New scientific research, new launch technology and new commercial developments are overturning long-held beliefs about orbital space settlements.  Space settlements no longer have to be massive kilometer-long structures requiring asteroid mines or moon bases to construct.  They need not cost trillions of dollars and mass billions of tons.  And they don’t have to be located at the Earth-Moon Lagrange points.

Instead, the aforementioned developments indicate that space settlements can be much smaller: roughly comparable in size to the International Space Station (in terms of length of structure, not volume).  Such small settlements could feasibly be built using materials boosted up from Earth.   And they could be fabricated and assembled using additive manufacturing and telerobotic techniques that are being developed in space right now.

Bottom line, a small orbital space settlement – literally a village in space – could conceivably be built in the next ten years, assuming certain key technologies are successfully developed.  Let’s see how (in very broad brushes. Warning, lots of hand-waving here, this is for brainstorming purposes only):

Step 1: Build and launch a cubesat probe to ELEO to characterize and confirm the radiation environment.

Step 2: Establish a 3D printer business at the ISS to manufacture cubesat components. Customer: small sat mega constellation operators. Note: Made In Space is already basically doing this, except with NASA as customer, not sat operators. Ways to minimize need for astronauts to do the work: design and deploy a telerobotic rig inside the space station to operate the 3D printer remotely from earth. Feedstock can be delivered remotely as well, via the soon-to-be installed Nanoracks airlock.  If this 3D printer/teleoperated rig is too big or in the way, rent space out in the essentially unused and uncrewed BEAM module (although access/logistics to/from this module may be tricky).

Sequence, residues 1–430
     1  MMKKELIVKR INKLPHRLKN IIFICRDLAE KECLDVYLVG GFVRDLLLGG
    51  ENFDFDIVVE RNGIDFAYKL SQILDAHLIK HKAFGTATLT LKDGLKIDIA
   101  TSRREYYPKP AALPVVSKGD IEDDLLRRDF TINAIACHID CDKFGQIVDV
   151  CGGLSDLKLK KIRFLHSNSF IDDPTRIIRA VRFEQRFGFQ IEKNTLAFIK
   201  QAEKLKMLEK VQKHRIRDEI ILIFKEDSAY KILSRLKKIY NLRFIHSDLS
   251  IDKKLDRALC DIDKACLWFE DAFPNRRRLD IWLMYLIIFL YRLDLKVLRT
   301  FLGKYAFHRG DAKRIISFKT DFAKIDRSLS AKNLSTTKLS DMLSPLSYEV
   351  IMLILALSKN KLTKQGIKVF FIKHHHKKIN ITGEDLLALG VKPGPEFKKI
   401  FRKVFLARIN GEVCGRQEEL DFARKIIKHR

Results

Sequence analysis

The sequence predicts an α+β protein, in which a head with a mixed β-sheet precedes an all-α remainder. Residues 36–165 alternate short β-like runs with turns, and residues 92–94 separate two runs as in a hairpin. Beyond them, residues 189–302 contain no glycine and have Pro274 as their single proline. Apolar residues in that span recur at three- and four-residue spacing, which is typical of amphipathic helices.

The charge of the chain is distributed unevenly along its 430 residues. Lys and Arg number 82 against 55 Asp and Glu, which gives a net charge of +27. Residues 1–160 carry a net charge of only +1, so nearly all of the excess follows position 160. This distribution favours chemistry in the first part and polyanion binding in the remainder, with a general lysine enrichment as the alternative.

Step 3:  Develop a larger, more capable 3D printer/telerobotic rig for use outside the station in vacuum. Again, Made In Space is already working on this. Provide more and better services for the satellite operators.

Step 4: With revenues from the ISS-based fabrication facility, raise funds to 3D print and telerobotically assemble a scale model of the key components of the eventual first settlement. Make a proof of concept for rotating ring-hubs, elevators, airlocks, etc. Maybe even fluid management parts e.g. active thermal management system. Test printing and assembling more complex parts like solar panels.